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Richmond Park

<b>Richmond Park</b>Posted by juameiHenry VIII Mound © juamei
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14 posts
Henry VIII Mound Round Barrow(s)
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King's Clump Long Barrow
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Longbarrow A Long Barrow
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Oliver's Mount (destroyed) Long Barrow

Latest posts for Richmond Park

Showing 1-10 of 26 posts. Most recent first | Next 10

Henry VIII Mound (Round Barrow(s)) — Folklore

In the grounds of the Lodge, which command a fine view of the Thames, St George's Hills and Kingston Vale, is a mound, marked as the King's Standinge on the oldest extant map of the Park, dated 1637, the year of its first enclosure. This quaint name, the real meaning of which cannot be determined, is supposed to have reference to the legend that Henry VIII. stood upon the mound to watch for the going up of the rocket which was to announce to him that the head of Anne Boleyn had fallen, and, in deference to this tradition, care was taken when Sidmouth Wood was planted not to intercept the view from the mound, by leaving a clear space, through which the dome of St. Paul's can be seen on exceptionally clear days, between two rows of trees that some years hence will form a fine avenue. Unfortunately, however, there is really no more historic foundation for the romantic story connected with the King's Standinge-- Henry having been far away from Richmond on the day of the unfortunate queen's death -- than for the even more improbable supposition that Oliver's Mount takes its name from Oliver Cromwell having witnessed from it a battle between the Royal and Parliamentary forces, no struggle having taken place that could possibly have been seen from Richmond Park.
From 'The Royal Manor of Richmond, with Petersham, Ham and Kew' by Mrs A G Bell (1907).
Rhiannon Posted by Rhiannon
28th November 2016ce

Henry VIII Mound (Round Barrow(s)) — News

London's historic views 'under threat'

Through the carefully trimmed foliage, St Paul's majestic dome appears no larger than a thumbnail.

Seen from 10 miles away, London's iconic cathedral seems to hover in the distance like a mirage, shimmering in the heat.

This unique "viewing corridor" from King Henry VIII's Mound, down a specially maintained tree-lined avenue, has been a feature of Richmond Park in south-west London, since the early 1700s.

With the surrounding modern buildings carefully hidden by the holly hedging, this "key hole" view of the 18th Century landmark from the park is like a window to London's past.

But heritage campaigners fear new planning laws - introduced by Mayor Ken Livingstone and rubber-stamped by Communities Secretary Ruth Kelly - mean Sir Christopher Wren's masterpiece could end up crowded out by sky-scrapers.

Under the new planning rules, the so-called viewing corridor has been narrowed from a width of 150m to 70m.
juamei Posted by juamei
4th June 2007ce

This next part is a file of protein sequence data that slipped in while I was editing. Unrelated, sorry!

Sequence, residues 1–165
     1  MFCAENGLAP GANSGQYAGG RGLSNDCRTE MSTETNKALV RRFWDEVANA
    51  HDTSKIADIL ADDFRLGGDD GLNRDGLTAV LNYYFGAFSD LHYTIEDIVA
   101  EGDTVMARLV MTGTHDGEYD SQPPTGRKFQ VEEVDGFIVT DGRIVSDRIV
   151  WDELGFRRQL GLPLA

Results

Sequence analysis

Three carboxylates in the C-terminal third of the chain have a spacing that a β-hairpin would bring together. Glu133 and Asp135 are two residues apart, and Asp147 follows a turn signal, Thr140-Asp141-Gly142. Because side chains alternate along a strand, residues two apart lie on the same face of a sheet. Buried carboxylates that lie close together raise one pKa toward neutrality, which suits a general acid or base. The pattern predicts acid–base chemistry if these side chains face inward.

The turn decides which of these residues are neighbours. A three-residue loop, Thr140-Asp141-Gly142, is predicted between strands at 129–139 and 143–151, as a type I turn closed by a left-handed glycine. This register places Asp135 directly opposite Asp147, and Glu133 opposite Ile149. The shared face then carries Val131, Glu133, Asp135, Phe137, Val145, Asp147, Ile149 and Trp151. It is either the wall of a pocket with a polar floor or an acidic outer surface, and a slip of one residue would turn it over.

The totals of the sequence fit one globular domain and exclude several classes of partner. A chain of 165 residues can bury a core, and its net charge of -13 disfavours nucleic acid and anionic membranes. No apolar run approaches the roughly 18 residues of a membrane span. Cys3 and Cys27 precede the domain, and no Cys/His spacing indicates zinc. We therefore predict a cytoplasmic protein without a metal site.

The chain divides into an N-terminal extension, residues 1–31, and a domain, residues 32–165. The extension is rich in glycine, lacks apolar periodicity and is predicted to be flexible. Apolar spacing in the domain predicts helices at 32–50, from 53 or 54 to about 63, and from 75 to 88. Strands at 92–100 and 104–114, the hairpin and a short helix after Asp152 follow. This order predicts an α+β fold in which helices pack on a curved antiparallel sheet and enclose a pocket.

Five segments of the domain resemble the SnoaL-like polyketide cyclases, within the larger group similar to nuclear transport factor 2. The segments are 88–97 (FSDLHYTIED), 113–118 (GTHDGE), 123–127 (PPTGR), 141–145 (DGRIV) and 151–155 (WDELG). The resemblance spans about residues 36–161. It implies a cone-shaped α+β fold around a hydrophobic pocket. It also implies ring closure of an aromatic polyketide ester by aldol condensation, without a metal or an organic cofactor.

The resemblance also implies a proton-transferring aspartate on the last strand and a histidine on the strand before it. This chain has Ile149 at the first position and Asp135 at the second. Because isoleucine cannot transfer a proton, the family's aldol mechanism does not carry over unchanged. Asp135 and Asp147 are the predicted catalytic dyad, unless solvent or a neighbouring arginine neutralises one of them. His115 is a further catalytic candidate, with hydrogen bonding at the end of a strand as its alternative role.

Oliver's Mount (destroyed) (Long Barrow) — Miscellaneous

This is shown on Rocque's 1741 map of Richmond Park, but was apparently destroyed by digging for gravel in 1834, when human remains were found. It was situated 600m to the east of Henry VIII's mound.

Source: Royal Parks Noticeboard at King Henry VIII Mound (2006).
Posted by Neil-NewX
2nd January 2007ce

Henry VIII Mound (Round Barrow(s)) — Links

Royal Parks Map of Richmond Park

Posted by Neil-NewX
10th December 2006ce

Henry VIII Mound (Round Barrow(s)) — Fieldnotes

[visited 9.12.2006]

Situated on the highest point on Richmond Hill, overlooking Thames valley. Easy to find - from the Pembroke Lodge car park on west of park walk towards the Lodge (building with cafe in it) and bear right, heading about as far as you can go within the fenced off garden. The mound is signposted, with a handy free telescope on top to take advantage of the remarkable view through to St Pauls. The official sign at the bottom is quite informative, it quotes from Edward Jesse (1835): 'it has been opened and a considerable deposit of ashes found in the centre of it'.
Posted by Neil-NewX
10th December 2006ce
Edited 2nd January 2007ce

Henry VIII Mound (Round Barrow(s)) — Miscellaneous

Interestingly, the view in the opposite direction from St Paul's to King Henry's Mound aligns with the setting of the full moon closest to the summer solstice (major southern moon set). Another bronze age mound previously existed on the other side of sidmouth wood along this same alignment. This particular alignment is very common in other bronze age structures (e.g. the recumbant stone circles of n-e scotland. Also the alignment of Avebury with Glastonbury Tor, thought by many to be part of an ancient ley line, runs along a very similar angle. It seems improbable that the mound(s) were constructed to make this alignment with the site of St Paul's/ludgate hill (thought to be the site of a pre-roman temple) but the possibility remains intriguing. The line also runs directly through 10 Downing Street... Posted by daniel33
15th February 2004ce

King's Clump (Long Barrow) — Images (click to view fullsize)

<b>King's Clump</b>Posted by pure joy pure joy Posted by pure joy
22nd March 2003ce

Longbarrow A (Long Barrow) — Images

<b>Longbarrow A</b>Posted by pure joy<b>Longbarrow A</b>Posted by pure joy<b>Longbarrow A</b>Posted by pure joy pure joy Posted by pure joy
22nd March 2003ce
Showing 1-10 of 26 posts. Most recent first | Next 10